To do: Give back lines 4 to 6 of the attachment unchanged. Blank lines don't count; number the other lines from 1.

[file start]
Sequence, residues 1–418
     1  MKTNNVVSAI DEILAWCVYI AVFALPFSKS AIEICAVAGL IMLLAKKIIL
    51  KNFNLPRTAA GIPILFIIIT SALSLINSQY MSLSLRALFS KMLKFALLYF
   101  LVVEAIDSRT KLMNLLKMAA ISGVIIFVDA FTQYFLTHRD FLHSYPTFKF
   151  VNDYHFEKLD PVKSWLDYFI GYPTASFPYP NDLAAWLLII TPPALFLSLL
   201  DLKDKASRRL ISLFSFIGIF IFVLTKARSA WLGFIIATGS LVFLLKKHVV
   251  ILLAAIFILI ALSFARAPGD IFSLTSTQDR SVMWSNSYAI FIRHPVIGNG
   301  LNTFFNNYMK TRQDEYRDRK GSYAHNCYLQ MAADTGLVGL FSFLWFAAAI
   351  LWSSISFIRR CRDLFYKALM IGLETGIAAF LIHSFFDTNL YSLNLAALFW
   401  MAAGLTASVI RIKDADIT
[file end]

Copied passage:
   101  LVVEAIDSRT KLMNLLKMAA ISGVIIFVDA FTQYFLTHRD FLHSYPTFKF
   151  VNDYHFEKLD PVKSWLDYFI GYPTASFPYP NDLAAWLLII TPPALFLSLL
   201  DLKDKASRRL ISLFSFIGIF IFVLTKARSA WLGFIIATGS LVFLLKKHVV